If you are reading this review please make sure you read the reviews on Browzine
, and Docphin
to make an informed decision as these products are all very similar to Docwise. These apps help users view and read journals on the iPad. Docwise is another such app and the review below by Joey Nicholson is the last of the apps to be reviewed in genre. I want to thank Joey for his very thorough review. Hopefully after reading over the four reviews you will learn about each of the products and have the information to choose a product.
by Joey Nicholson
Docwise comes from new contenders in the medical journal app market. It is co-founded by two MIT alums, who both went on to pursue further education in healthcare (one is a practicing surgeon). They bill it as “a personalized e-journal for physicians” and as “the efficient way to stay up to date on all your medical news”. Currently, this app is only available for the iPad.
Once you download the app, you need to register for an account by adding your personal information. Since it is designed as a “physician, dentist and NP community”, the app will link to your National Provider Identifier (NPI) profile so that it can create a beginning journal collection tailored to your speciality. For those of us that aren’t physicians, we can still get in by using the manual registration option.
In the manual registration, you are asked to provide your specialty and subspecialty. These items are required so that the initial journal collections you are shown are tailored to what you do and your interests. Theoretically, this should take some of the effort out of pulling together all those journals that someone may want to read by already having them grouped by topic. I selected preventive medicine and public health to start.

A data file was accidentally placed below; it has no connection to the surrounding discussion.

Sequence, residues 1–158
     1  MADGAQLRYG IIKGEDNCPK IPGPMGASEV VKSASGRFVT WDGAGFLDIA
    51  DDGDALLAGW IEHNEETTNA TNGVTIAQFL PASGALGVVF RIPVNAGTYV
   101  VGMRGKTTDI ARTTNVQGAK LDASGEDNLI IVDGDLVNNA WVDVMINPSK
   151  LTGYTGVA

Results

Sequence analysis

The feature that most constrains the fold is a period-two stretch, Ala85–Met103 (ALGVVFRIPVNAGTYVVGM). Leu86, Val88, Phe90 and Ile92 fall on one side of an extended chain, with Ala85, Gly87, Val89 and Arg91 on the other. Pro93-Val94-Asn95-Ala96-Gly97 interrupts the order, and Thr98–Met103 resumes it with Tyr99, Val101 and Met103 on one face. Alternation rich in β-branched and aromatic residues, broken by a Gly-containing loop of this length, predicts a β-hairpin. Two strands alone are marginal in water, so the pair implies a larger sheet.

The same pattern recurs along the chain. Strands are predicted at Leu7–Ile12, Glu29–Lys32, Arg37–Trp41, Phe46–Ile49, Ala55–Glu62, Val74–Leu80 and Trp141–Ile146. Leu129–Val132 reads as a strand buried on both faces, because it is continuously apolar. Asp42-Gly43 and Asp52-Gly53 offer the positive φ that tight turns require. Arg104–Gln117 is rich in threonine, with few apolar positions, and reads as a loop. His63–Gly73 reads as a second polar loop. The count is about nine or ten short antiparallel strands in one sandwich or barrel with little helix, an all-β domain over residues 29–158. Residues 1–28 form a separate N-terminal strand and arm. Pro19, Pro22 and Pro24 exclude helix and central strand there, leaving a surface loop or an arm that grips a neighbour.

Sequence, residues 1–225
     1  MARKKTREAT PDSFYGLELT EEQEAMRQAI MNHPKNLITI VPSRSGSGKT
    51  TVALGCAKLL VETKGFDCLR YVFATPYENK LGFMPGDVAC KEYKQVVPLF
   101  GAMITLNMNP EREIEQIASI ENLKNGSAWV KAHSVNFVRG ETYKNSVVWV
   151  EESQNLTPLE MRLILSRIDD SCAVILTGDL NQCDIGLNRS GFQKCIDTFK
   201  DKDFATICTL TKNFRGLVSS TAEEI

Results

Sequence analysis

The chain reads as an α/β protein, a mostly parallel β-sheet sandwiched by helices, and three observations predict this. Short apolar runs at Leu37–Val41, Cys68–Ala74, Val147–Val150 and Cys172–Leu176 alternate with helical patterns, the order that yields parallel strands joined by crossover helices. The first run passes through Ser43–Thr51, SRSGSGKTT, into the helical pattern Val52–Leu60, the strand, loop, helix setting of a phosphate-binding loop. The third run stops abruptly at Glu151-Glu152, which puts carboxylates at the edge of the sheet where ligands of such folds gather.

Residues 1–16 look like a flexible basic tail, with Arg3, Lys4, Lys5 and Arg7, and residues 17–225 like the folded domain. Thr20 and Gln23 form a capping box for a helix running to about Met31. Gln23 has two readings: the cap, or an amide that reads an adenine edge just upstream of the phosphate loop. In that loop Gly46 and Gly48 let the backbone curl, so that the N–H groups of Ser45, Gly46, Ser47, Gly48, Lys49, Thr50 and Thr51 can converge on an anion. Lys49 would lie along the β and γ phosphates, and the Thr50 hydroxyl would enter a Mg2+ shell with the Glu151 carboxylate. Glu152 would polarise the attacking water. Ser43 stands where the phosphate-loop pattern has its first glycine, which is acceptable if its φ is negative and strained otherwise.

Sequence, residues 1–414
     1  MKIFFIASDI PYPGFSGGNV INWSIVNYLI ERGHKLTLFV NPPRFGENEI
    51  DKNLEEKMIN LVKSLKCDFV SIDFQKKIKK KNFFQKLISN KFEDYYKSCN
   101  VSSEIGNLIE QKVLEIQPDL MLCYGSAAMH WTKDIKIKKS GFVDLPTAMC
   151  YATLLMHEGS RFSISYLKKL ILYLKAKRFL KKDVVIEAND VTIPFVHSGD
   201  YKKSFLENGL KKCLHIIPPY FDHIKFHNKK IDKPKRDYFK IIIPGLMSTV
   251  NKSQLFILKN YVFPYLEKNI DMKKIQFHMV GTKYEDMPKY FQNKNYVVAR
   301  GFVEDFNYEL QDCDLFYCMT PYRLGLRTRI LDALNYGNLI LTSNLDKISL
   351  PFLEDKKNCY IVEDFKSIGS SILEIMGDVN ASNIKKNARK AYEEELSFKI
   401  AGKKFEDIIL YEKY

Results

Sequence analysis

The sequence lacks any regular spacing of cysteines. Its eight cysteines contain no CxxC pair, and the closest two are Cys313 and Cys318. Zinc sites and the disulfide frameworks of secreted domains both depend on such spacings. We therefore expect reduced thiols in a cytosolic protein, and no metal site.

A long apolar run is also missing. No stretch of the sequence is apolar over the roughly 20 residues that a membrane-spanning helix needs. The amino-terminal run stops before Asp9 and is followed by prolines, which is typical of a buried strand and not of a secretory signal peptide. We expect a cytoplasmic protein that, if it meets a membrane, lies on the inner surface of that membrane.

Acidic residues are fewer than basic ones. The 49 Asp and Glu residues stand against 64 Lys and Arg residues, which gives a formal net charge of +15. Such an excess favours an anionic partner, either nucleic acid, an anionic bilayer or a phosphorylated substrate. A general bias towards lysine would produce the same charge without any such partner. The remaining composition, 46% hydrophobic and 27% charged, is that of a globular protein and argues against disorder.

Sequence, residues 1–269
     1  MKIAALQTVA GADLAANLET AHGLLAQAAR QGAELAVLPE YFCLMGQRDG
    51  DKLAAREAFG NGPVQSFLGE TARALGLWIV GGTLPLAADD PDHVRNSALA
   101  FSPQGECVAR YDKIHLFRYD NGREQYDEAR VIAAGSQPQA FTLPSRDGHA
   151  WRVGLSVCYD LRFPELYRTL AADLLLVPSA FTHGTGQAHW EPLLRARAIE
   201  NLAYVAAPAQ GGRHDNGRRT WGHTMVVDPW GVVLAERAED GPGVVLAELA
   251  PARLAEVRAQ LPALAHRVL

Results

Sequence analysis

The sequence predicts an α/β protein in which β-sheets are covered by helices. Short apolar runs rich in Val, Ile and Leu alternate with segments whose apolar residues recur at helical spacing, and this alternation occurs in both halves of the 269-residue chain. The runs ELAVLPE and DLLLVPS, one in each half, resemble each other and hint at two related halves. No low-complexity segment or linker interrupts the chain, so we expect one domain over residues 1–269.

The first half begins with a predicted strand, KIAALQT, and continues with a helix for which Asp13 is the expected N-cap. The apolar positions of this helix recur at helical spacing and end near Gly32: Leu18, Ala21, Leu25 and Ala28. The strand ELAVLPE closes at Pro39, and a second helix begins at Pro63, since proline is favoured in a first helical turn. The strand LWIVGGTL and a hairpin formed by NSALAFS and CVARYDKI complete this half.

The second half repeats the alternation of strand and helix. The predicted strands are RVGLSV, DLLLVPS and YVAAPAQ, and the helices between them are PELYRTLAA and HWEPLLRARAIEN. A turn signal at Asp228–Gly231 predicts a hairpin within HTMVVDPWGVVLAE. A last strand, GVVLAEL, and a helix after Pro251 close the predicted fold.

Once you’ve indicated your speciality, the next screen presents your starter collection. For public health, the collection isn’t very large and should probably be expanded to include something like the American Journal of Public Health as a core title. But, the three titles that come up are relevant.
From here you can tailor what it is you want to see in docwise. They have this broken down into three categories. You can add specific journals, you can add news feeds, or you can add topic areas.
Adding new journals to your personal collection is very easy, assuming you know in what category the journal of your choice is placed. Under Preventive Medicine, you can quickly hit the plus signs to add AJPH, BMC Public Health, and several other relevant journals. A search box here would be nice, I couldn’t find Academic Medicine under any of the journal specialty categories.
A feature that I really like is the ability to add news stories to this, not just academic journals. There is a decent selection of top health-related news sources, including New York Times Health, Fitness, and Medical Research, and feeds from ClinicalTrials.gov and the CDC.
Next you can enter topics in which you are interested. By using key words that you put in, docwise will create a topic feed and pull in articles from any journal on these terms. What isn’t clear about this from a librarian perspective, is where these key words are being searched. Title? Abstract? Full text? MeSH terms? PubMed? GoogleScholar? Once you are done adding journals, news, and topics you swipe that menu away and click done.
While you can start reading abstracts and free articles that you happen upon right away, the next logical step is to add your institutional login information. To do this, you have to hit the Menu icon in the top right and then hit the gear icon in the bottom right to access your settings.
Currently not all institutions are available in the institution login drop-down menus. While it doesn’t say this outright, I assume that you can use the link to email them and they would add your institution. Fortunately for me, one of the developers is a surgeon at my institution, so we are already in there.
Once you’ve set up your institution, you can start reading your articles. In my case, I am routed to my library’s remote access login web page when I try to read a full article. I enter my user name and password and am taken directly to the article. Since this service is based on how the library sets up their remote access, this will vary depending on the institution. After I enter my login information once, it does retain it for a while. I can continue to read articles without having to enter my login information again. But, if I put it down for a while or come back to it another day then I had to enter it again.